La Scala Philharmonic/Riccardo Chailly at Barbican Hall – Rossini & Tchaikovsky – Benjamin Grosvenor plays Grieg

La gazza ladra – Overture
Piano Concerto in A-minor, Op.16
Symphony No.4 in F-minor, Op.36

Benjamin Grosvenor (piano)

Filarmonica della Scala
Riccardo Chailly

Reviewed by: Nick Breckenfield

Reviewed: 24 January, 2018
Venue: Barbican Hall, London

Riccardo Chailly and Filarmonica della Scala with Benjamin Grosvenor at Barbican HallPhotograph: Andrea AngeliOur Classical Source editor would have been very pleased, for we got a second Overture as a generous encore; indeed one that returned a second side-drum player to the stage. So to counterbalance the antiphonal side drums that rat-a-tat at the opening of Rossini’s The Thieving Magpie, we had the more dangerously sinister militaristic tattoos in Verdi’s The Sicilian Vespers, both thrilling in execution as one might expect with an ensemble of such operatic credentials as La Scala Philharmonic. These Overtures showed the Italian players off at their best: with a thrilling sense of balance and timing, characterful woodwind and cracking brass (the tuba player swapping to a cimbasso, valved bass trombone, for the Verdi following the Tchaikovsky).

That’s not to say the centrepieces of the programme were not enjoyable. Paired with Benjamin Grosvenor in Grieg’s Piano Concerto (the programme note pointed out that Grieg wrote it when twenty-five, the age Grosvenor is now), Riccardo Chailly found an Italianate warmth in the Norwegians melodies; Puccini came to mind on more than one occasion as Chailly coaxed sun-drenched sonorities particularly from the violins. The Grieg had been a change of programme (announced long ago) from Liszt No.2, where the Italian connection would have been closer, given Liszt’s final phase partly based in Rome.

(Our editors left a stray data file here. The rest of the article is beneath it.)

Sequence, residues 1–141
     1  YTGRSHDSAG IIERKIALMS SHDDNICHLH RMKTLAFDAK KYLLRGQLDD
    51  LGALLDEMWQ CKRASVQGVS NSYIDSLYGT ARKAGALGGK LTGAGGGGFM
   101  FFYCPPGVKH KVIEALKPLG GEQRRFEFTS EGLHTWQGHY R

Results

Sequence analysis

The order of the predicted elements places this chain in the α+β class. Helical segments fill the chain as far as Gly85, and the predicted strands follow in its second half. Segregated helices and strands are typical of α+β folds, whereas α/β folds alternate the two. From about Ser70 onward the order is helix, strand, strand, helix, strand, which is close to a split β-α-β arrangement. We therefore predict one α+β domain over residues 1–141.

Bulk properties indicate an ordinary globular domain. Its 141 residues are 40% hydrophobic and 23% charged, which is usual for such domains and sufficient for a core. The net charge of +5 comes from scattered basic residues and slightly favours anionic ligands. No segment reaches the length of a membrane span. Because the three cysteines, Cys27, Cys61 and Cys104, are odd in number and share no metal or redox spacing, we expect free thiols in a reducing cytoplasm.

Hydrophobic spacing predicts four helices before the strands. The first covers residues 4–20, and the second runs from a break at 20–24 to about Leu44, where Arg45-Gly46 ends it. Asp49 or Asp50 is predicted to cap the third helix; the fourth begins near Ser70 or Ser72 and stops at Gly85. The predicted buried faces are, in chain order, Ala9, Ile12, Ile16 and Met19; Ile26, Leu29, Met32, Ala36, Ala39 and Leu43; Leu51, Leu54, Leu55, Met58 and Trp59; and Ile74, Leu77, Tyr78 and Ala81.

Grosvenor certainly has the power for Grieg’s thunderous descents, but also has a delicate touch which he brought to the fore in his Grieg encore – ‘Erotik’ from the third book of Lyric Pieces, Opus 43. If the title is surprising, given the music’s tender tread, it is translated as nothing steamier than Love Song – and Grosvenor coloured it intimately.

Following the interval, Chailly conducted an urgent but perhaps strangely anodyne performance of Tchaikovsky’s fateful Fourth Symphony. The brass fanfare to open was dramatic, the strings suitably surging (nine double basses), but I found none of it spine-tingling, as I often have. The middle movements fared best: the oboist’s exquisite solo at the opening of the Andantino (even though later, Chailly busy with the violins, the wind interjections were distant and abandoned) and the pizzicatos of the third movement, which eventually met with the woodwind then brass rejoinder. The Finale was fast, bordering on breathless, and although skilfully played, it left me rather unmoved. Rossini and Verdi won the day, by a long stretch.

At the start of a European tour, the orchestra heads to Budapest (25th), then on to Paris, Luxembourg and Vienna. This concert was slated to be recorded for broadcast on BBC Radio 3 – and the programme said as much. I have to report that no microphones were in evidence.

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